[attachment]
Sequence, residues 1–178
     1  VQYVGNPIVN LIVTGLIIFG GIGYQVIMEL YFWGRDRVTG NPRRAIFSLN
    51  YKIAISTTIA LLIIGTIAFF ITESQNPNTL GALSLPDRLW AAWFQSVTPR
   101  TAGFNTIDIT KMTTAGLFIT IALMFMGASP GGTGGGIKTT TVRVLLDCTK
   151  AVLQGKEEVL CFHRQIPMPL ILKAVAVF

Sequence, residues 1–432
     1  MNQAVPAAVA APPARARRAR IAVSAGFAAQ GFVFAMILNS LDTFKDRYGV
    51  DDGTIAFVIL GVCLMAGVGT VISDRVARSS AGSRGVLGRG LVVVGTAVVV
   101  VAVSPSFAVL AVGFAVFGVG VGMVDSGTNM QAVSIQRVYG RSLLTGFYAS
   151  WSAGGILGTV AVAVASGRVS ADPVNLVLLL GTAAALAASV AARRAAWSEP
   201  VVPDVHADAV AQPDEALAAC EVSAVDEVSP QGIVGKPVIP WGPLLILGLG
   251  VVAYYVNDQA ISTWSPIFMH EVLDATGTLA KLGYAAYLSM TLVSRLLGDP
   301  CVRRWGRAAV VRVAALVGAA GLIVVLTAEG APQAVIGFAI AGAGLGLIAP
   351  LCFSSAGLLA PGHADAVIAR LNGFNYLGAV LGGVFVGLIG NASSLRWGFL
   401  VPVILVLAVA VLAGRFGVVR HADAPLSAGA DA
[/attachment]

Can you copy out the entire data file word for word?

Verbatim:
Sequence, residues 1–178
     1  VQYVGNPIVN LIVTGLIIFG GIGYQVIMEL YFWGRDRVTG NPRRAIFSLN
    51  YKIAISTTIA LLIIGTIAFF ITESQNPNTL GALSLPDRLW AAWFQSVTPR
   101  TAGFNTIDIT KMTTAGLFIT IALMFMGASP GGTGGGIKTT TVRVLLDCTK
   151  AVLQGKEEVL CFHRQIPMPL ILKAVAVF

Sequence, residues 1–432
     1  MNQAVPAAVA APPARARRAR IAVSAGFAAQ GFVFAMILNS LDTFKDRYGV
    51  DDGTIAFVIL GVCLMAGVGT VISDRVARSS AGSRGVLGRG LVVVGTAVVV
   101  VAVSPSFAVL AVGFAVFGVG VGMVDSGTNM QAVSIQRVYG RSLLTGFYAS
   151  WSAGGILGTV AVAVASGRVS ADPVNLVLLL GTAAALAASV AARRAAWSEP
   201  VVPDVHADAV AQPDEALAAC EVSAVDEVSP QGIVGKPVIP WGPLLILGLG
   251  VVAYYVNDQA ISTWSPIFMH EVLDATGTLA KLGYAAYLSM TLVSRLLGDP
   301  CVRRWGRAAV VRVAALVGAA GLIVVLTAEG APQAVIGFAI AGAGLGLIAP
   351  LCFSSAGLLA PGHADAVIAR LNGFNYLGAV LGGVFVGLIG NASSLRWGFL
   401  VPVILVLAVA VLAGRFGVVR HADAPLSAGA DA